Its Time For The SEC To Stop Taking The Fifth

Government lawyers typically decline to talk about a matter under investigation, citing the possible negative impact on the pending inquiry. The theory is straight forward: the inquiry is incomplete and it might be harmful to the investigation and those involved to discuss the matter until it is finished. The SEC, as a matter of policy, declines to comment on pending investigations. DOJ officials take the same position.

Last week the “on-going investigation” rationale was cited by senior SEC officials when they refused to answer questions from a congressional committee probing what happened at the SEC regarding the Bernard Madoff scandal. It was an ugly moment in the Commission’s history. On the one hand, whistleblower Harry Markopolos was detailing how he discovered the massive fraud in a few hours and spent years trying to get SEC officials to listen and investigate. On the other, Congressman were hurling vitriolic statements at Commission officials which were designed to be sound bites for the next TV news cycle, not questions seeking answers and information, the supposed purpose of the hearings. The Congressmen got their TV news clips. The Commission was disgraced. The public, which is supposed to be served by government officials, got nothing.

The question remains: Why did the SEC decline to answer any questions about its prior investigative efforts and contacts with Mr. Markopolos? What investigation would be jeopardized if the SEC talked about what happened in 1992 or 2000 or 2001? Cleary not the SEC’s current case against Mr. Madoff. That case is pending in federal court in New York. Presumably, the Commission is using civil discovery to develop the evidence, not its investigative authority.

Likewise, the testimony would not impact the case being developed by the U.S. Attorney’s Office regarding Mr. Madoff. That office does have an on-going criminal investigation into Mr. Madoff’s activities. The USAO has filed a criminal complaint against Mr. Madoff and presumably will be seeking an indictment soon. That indictment will have little if anything to do with whether the SEC properly investigated tips and leads it had which might have uncovered the Madoff Ponzi scheme earlier. In any event, if SEC testimony might have impacted that inquiry, the USAO should have told the congressional committee. DOJ routinely intervenes in SEC enforcement cases seeking a stay pending the resolution of its criminal matter. The USAO did not make any request at the hearings last week.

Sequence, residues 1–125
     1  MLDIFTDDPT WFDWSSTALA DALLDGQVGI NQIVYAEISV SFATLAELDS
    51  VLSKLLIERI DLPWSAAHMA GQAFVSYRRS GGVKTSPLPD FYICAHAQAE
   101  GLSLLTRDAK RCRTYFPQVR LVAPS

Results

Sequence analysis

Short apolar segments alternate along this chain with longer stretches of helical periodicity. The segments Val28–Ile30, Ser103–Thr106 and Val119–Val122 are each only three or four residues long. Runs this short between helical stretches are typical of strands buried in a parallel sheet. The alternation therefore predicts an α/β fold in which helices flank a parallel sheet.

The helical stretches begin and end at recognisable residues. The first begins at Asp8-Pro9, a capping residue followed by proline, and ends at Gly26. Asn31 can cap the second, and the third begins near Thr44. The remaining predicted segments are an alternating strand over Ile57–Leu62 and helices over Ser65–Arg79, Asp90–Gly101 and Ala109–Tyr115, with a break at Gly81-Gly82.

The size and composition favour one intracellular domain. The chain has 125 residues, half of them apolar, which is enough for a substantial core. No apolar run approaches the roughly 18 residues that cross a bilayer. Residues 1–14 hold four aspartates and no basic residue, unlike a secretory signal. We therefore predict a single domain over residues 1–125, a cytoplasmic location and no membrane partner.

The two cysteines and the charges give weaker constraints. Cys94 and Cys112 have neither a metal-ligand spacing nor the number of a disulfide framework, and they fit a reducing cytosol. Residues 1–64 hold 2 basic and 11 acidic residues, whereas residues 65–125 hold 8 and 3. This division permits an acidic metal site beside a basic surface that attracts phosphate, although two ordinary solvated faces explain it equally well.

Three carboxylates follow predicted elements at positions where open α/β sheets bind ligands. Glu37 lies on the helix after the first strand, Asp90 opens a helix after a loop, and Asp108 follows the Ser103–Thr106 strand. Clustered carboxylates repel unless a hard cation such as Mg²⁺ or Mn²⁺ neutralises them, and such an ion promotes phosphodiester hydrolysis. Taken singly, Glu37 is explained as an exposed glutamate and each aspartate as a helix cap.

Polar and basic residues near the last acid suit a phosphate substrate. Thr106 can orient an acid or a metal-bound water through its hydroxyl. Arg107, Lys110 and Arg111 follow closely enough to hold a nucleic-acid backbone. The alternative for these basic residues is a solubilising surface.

The only inquiry which apparently might be impacted by the SEC testimony is the one being conducted by the Commission’s inspector general, discussed here. That inquiry is examining the question the congressional panel was suppose to be probing. If this is the inquiry the SEC officials referred to when declining to testify last week, then their basis for refusing to testify is questionable at best. The inspector general’s investigation is an internal inquiry, not a law enforcement investigation like those conducted by a grand jury or even the SEC’s enforcement division. If this is the investigation Commission officials referenced in their refusals to testify, the claim was inappropriate and a misuse of the law enforcement privilege.

Since the SEC officials were not protecting a law enforcement investigation it appears that in reality they were invoking the Fifth Amendment last week. What was really being protected is the reasons the Commission did not follow up on lead after lead about Madoff from as early as 1992. This has nothing to do with a law enforcement investigation, but everything to do with whether the agency carried out its statutory duties. It is more than ironic that an agency which routinely penalizes individual who appear before it for citing their constitutional privileges (discussed here) is now, in effect, doing the same thing. At a minimum, it was a wholly inappropriate invocation of privilege and, perhaps worse, a violation of the Commission’s obligations to report on its activities to congress and the American public.

On Friday, the new SEC Chairman made a good start toward reforming and revitalizing the enforcement program by announcing the end of the “pilot program” of special procedures regarding corporate penalties (here) and streamlined procedures for obtaining a formal order. The next step should be for the Commission to stop citing privileges and talk about what happened with Madoff.

As a law enforcement agency the SEC has an obligation to protect investors by effectively policing the capital markets. Whether the Commission failed or not in its past investigative efforts regarding Madoff, it is clear that the future of effective enforcement begins with a full and complete examination of what happened. That examination should be conducted with a view not to the evening news or recriminations but toward determining what happened so that the Commission’s enforcement program can be strengthened and improved. To do this, the Commission must stop taking the Fifth Amendment and start doing what it asks of every company and individual that fails to properly perform obligations under the securities laws: self-report, determine what happened, and take the remedial steps necessary to reform its processes to ensure future compliance.